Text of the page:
Background: Agricultural production in controlled indoor farming offers a reliable alternative to food and nutrition supply for densely populated cities and contributes to addressing the impending food insecurity. Leafy vegetables, rich in vitamins, minerals, fibres and antioxidants, account for over half of the indoor farming operations worldwide. Light is the foremost environmental factor for plant growth and development, and the success of indoor farming largely depends on lighting qualities. The energy efficient light-emitting diode (LED) has been increasingly used in indoor farming systems. Scope and approach: Here we provide an updated overview of the current indoor vertical farming systems, the mechanisms of light perception by photoreceptors, and the effects of LED spectra or intensity on growth and phytonutrient accumulation of leafy greens. We also outline the challenges in interpreting and applying the research findings in the field and highlight issues to be addressed. Key findings and conclusions: Lighting quality and quantity can be manipulated to improve yield and phytonutrient contents of leafy greens. As responses of leafy greens to light are dependent on genotype and developmental stage, light recipe targeting different developmental stages should be formulated for different species for maximizing yield. While it has been known that blue wavelength has a more prominent positive impact on phytonutrient accumulation than red, little is known for other wavelengths. Moreover, recent findings that green wavelength inhibits plant growth in a blue-wavelength-dependent manner highlight the need for future research to investigate interactive effects of different wavelengths on modulating plant growth and metabolism.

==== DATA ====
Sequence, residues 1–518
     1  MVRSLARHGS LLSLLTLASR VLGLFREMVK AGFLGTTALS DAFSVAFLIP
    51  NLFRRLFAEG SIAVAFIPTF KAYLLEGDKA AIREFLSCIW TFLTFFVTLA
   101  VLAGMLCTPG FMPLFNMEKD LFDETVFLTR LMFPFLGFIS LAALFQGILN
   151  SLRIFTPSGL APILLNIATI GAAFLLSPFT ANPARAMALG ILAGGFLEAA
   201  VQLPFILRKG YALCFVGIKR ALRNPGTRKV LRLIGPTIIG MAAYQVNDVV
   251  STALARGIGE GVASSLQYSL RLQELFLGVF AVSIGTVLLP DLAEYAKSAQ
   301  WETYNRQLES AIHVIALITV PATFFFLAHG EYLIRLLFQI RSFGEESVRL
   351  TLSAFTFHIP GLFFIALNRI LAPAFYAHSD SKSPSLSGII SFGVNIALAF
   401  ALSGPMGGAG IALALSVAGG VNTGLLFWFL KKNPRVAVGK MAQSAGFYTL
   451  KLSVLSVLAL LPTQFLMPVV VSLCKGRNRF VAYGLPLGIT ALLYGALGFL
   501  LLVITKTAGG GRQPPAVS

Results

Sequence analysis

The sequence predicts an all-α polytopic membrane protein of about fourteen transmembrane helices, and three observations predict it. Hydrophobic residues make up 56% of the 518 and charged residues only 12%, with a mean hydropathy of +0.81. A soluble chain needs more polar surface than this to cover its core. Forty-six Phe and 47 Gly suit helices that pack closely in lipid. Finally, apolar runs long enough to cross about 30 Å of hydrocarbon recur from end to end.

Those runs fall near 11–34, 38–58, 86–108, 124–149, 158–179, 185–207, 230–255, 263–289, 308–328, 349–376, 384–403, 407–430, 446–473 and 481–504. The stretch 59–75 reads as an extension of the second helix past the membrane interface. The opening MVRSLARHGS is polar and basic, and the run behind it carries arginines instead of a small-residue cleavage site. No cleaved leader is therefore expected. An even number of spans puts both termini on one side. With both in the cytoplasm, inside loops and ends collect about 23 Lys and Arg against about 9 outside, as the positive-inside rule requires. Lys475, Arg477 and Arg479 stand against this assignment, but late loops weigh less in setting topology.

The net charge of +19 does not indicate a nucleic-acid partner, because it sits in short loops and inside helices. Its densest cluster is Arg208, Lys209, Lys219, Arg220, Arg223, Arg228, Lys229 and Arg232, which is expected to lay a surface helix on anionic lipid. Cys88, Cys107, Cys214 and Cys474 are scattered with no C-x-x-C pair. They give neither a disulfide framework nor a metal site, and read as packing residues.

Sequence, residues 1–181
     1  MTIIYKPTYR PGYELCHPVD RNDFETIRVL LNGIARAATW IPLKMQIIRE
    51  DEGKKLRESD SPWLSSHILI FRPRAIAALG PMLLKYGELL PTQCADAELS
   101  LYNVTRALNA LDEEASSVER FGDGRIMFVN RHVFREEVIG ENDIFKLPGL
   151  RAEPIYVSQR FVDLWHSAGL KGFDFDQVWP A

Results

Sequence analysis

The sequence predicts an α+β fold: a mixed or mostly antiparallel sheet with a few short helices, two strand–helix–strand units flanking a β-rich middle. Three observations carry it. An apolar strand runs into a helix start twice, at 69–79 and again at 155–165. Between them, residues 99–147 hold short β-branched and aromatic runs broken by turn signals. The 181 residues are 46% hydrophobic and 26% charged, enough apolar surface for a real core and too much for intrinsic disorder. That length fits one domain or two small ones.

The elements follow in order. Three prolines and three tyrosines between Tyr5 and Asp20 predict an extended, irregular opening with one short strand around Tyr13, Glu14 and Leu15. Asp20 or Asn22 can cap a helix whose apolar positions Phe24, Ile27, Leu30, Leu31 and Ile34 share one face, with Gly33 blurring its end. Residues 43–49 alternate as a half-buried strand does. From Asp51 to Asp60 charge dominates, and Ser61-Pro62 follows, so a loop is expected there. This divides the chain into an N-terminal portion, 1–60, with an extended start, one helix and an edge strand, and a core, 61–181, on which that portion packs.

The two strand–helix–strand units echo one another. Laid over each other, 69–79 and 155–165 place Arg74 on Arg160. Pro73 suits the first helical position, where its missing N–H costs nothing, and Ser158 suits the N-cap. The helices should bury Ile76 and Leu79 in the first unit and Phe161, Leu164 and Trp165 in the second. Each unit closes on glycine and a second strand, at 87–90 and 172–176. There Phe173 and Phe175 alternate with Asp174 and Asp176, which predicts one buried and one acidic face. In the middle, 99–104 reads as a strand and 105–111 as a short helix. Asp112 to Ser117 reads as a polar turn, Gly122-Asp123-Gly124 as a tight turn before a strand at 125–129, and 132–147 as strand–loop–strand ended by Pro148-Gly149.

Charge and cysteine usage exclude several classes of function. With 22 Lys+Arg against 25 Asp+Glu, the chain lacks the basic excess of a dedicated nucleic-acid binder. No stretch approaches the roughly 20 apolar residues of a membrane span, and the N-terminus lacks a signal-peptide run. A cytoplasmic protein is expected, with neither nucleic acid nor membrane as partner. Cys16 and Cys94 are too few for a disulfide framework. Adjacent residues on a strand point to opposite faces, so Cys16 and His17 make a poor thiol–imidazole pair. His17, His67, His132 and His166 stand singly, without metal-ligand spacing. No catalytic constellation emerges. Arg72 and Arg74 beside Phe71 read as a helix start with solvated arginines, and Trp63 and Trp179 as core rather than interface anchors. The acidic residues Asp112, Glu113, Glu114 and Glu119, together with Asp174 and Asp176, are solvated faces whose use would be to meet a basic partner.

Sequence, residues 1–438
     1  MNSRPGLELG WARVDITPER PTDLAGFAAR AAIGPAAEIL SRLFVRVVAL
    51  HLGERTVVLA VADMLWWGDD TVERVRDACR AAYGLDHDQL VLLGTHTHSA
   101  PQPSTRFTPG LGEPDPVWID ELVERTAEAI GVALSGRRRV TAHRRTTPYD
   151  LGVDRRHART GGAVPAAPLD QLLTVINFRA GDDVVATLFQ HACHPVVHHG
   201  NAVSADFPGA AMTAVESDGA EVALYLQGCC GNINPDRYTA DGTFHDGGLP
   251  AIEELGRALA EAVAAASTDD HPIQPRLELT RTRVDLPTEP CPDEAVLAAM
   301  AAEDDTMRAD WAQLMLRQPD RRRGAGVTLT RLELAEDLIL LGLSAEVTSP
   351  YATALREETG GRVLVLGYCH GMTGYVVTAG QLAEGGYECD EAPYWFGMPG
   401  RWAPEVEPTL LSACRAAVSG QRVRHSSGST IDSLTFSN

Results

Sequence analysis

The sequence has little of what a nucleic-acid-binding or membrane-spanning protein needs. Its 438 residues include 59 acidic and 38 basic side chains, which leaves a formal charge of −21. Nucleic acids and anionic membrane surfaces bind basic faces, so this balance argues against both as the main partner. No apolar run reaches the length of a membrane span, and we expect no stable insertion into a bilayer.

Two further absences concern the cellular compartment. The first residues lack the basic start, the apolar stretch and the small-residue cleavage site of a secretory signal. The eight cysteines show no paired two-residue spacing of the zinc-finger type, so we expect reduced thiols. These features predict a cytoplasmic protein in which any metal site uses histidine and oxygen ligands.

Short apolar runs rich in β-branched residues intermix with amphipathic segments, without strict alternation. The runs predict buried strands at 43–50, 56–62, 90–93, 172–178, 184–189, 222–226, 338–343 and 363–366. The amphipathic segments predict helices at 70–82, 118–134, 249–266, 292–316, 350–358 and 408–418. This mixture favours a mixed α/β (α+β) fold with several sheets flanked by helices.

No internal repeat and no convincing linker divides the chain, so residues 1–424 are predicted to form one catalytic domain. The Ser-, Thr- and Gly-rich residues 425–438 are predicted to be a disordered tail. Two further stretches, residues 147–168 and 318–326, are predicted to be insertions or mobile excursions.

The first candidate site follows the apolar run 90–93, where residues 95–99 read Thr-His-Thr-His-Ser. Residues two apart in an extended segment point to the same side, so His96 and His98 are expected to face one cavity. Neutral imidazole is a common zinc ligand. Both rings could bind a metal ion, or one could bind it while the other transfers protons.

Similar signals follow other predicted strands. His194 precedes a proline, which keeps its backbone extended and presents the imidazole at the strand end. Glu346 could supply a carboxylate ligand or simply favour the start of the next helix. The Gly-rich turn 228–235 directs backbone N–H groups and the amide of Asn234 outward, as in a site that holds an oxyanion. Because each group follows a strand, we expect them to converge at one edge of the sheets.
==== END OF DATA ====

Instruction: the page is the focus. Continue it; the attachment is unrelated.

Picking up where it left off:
Trends in Food Science and Technology, Volume 106, December 2020,